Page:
Congress Reacts to Sessions’ Drug War
May 15, 2017
Last week, Attorney General Jeff Sessions issued a new sentencing directive to federal prosecutors, repealing the Obama-era Smart on Crime Initiative, which was intended to create leniency and lighter sentencing for low-level drug offenders. The Smart on Crime Initiative aimed to clear up our overcrowded prison systems, significantly reduce legal costs related to enforcing minor drug offenders, and also allows law enforcement to focus on bigger fish, such as suppliers and traffickers. The change being pursued by Sessions asks that federal prosecutors get significantly tougher on drug defendants, enforcing harsher penalties and minimum sentencing. In addition, a task force was launched by Sessions to look at changes in enforcement as it relates to cannabis, which remains a Schedule I drug by the federal government. Cannabis advocates on both the medical and recreational side fear the worst, but now is not the time for a knee-jerk reaction, because we still don’t know how this will all unfold. What we do know is that states and their representatives do not plan to take this laying down. Here’s what some of Congress is saying about the situation.
“Harsher sentences for non-violent drug crimes cost taxpayers more money and waste limited resources that are needed to go after more dangerous, violent offenders who put the public at risk. The beneficiaries of these policies are often private prisons who profit from locking up more inmates, disproportionately affecting people of color.” Congressman Steve Cohen (D-TN)
“Mandatory minimum sentences have unfairly and disproportionately incarcerated too many minorities for too long. Attorney General Sessions’ new policy will accentuate that injustice.” U.S. Sen. Rand Paul (R-KY)
“It will send already skyrocketing prison costs even higher, undermining other important public safety priorities and separating nonviolent drug offenders from their families for years, which has a destructive effect on communities and erodes faith in our criminal justice system.” U.S. Sen. Dick Durbin (D-IL)
“Jeff Sessions wants to turn back the clock on the progress we’ve made on sentencing reform—and we must speak out against it.” U.S. Sen. Kamala Harris (D-CA)
“The Attorney General’s new sentencing policy is an ideologically motivated attempt to resurrect the failed policies of the War on Drugs. Make no mistake, low-level offenders will spend years and even decades more in prison. This will not make us safer — quite the opposite, it will strip critical public safety resources away from targeting truly violent criminals in order to house nonviolent drug offenders.” U.S. Sen. Patrick Leahy (D-VT)
“To be tough on crime we have to be smart on crime. That is why criminal justice reform is a conservative issue.” U.S. Sen. Mike Lee (R-UT)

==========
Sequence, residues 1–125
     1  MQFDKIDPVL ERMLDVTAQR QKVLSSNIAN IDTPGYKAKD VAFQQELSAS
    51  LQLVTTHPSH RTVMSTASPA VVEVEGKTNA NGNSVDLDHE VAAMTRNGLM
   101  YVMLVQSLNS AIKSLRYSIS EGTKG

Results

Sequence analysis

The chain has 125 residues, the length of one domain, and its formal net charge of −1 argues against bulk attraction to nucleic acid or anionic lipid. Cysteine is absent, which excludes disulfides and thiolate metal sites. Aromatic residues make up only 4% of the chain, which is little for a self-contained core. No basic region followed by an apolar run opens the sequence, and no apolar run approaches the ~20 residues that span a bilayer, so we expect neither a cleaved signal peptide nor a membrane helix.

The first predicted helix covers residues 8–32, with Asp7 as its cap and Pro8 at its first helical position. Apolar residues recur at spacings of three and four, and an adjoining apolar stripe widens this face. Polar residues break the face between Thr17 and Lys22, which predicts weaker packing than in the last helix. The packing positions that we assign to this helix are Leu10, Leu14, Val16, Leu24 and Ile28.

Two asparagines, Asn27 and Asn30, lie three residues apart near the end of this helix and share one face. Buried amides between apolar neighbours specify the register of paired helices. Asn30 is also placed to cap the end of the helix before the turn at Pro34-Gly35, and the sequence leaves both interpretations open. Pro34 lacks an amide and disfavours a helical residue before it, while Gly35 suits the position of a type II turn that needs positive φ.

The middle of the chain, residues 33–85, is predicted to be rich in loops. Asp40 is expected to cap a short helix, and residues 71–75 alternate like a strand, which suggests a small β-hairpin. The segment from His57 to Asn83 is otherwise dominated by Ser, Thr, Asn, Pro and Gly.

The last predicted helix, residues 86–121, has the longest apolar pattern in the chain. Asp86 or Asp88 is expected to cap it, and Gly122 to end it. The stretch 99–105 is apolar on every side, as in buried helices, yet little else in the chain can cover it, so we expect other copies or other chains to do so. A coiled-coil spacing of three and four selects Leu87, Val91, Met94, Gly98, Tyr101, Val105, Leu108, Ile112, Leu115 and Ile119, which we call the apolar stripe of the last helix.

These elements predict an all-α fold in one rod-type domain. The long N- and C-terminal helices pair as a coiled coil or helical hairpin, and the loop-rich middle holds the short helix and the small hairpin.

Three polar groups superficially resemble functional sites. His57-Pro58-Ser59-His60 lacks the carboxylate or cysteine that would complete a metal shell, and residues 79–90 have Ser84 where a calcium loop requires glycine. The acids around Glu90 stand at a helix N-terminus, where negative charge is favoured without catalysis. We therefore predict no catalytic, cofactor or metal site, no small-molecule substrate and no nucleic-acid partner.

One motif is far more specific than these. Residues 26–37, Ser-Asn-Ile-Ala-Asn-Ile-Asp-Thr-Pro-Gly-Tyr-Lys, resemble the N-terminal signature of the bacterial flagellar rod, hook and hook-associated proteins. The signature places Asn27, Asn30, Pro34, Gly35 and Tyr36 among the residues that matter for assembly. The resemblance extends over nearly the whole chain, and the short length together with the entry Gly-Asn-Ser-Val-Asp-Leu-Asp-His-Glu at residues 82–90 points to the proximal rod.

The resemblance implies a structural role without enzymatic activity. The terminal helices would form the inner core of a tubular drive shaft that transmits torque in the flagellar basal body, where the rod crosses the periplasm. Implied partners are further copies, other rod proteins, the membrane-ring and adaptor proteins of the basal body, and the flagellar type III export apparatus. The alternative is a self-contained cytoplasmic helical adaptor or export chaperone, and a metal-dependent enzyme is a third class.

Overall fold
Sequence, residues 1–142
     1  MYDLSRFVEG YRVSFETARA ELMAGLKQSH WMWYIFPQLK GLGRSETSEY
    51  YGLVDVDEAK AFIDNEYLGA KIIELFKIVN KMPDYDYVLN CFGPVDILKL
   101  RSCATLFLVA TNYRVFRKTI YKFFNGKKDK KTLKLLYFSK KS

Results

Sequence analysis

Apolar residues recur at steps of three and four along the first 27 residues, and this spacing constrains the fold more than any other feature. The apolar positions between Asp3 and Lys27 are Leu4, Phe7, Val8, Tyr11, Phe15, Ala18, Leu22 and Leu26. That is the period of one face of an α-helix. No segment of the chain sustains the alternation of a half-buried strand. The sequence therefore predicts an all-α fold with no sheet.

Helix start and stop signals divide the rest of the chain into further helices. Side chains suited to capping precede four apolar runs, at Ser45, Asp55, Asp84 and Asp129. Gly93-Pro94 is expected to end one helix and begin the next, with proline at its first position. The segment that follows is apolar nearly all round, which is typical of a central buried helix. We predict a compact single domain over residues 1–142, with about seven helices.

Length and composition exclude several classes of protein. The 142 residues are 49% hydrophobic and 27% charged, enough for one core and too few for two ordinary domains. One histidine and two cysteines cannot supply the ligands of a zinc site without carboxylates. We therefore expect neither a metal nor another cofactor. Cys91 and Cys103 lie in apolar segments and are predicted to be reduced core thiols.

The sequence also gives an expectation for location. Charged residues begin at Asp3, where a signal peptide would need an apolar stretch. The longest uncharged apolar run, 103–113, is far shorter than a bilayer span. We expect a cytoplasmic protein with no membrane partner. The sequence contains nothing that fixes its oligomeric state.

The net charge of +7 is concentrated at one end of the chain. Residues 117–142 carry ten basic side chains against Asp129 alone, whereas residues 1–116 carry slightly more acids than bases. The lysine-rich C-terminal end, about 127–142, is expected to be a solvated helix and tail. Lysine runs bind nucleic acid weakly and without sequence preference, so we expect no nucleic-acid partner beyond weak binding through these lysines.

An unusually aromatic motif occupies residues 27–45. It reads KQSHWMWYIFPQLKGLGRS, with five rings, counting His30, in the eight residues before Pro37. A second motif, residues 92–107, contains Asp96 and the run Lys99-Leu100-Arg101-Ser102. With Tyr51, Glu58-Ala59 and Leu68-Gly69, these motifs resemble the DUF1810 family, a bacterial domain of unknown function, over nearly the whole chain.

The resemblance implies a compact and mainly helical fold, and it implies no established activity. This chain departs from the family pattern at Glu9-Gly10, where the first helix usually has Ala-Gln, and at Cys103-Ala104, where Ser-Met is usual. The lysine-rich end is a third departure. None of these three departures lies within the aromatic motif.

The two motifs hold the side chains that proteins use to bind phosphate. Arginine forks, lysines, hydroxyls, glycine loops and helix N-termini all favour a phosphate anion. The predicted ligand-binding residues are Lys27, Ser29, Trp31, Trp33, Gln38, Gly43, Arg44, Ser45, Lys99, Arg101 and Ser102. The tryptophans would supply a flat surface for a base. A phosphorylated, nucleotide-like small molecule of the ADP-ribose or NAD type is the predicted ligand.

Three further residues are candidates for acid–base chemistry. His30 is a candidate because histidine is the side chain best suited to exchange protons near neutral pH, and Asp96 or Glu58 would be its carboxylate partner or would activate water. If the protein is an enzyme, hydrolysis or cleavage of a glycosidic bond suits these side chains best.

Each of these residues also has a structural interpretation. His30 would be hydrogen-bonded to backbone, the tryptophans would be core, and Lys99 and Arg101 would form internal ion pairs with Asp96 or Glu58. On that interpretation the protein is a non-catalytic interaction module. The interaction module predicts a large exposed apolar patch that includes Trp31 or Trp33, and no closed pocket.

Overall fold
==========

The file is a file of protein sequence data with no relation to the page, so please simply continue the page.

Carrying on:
“Trump/Sessions: Let’s double down on failed strategy, add to highest incarceration rate in the world. America: Let’s end the war on drugs.” Congressman Beto O’Rourke (D-TX)
“Sessions’ memorandum is a return to the failed policies of the War on Drugs. It is bad for our communities, and utterly destructive for low-level, non-violent drug offenders. The only people who benefit from these laws are those who have a financial stake in imprisonment: the private prison industry and vendors to the public system.” Congressman Keith Ellison (D-MN)
“Will fight AG Sessions’ effort to revive failed War on Drugs. Mass incarceration has destroyed lives & devastated our minority communities.” Congresswoman Eleanor Holmes Norton (D-DC)
Understandably, all of this is cause for some level of concern. If prospective licensees and investors were nervous about getting involved in the cannabis industry before, this pretty much tells them to completely steer clear. Considering it often costs hundreds of thousands of dollars to get a licensed cannabis business up and running, that’s quite an investment to make in an industry that’s shaping up to feel more like a game of roulette.
Still, the industry was built by risk takers, and there will be individuals who see a potential crackdown by Sessions as an opportunity. Even as the federal government has increased the anti-cannabis verbiage, it appears that the elected officials are prepared to enact the will of their voters. Vermont is expected to become the 9th state to legalize cannabis and Delaware just launched their own legalization effort, even in the face of such uncertainty. If the actions of state representatives are any indications of what’s to come, we could be in for some very interesting gubernatorial races next fall.
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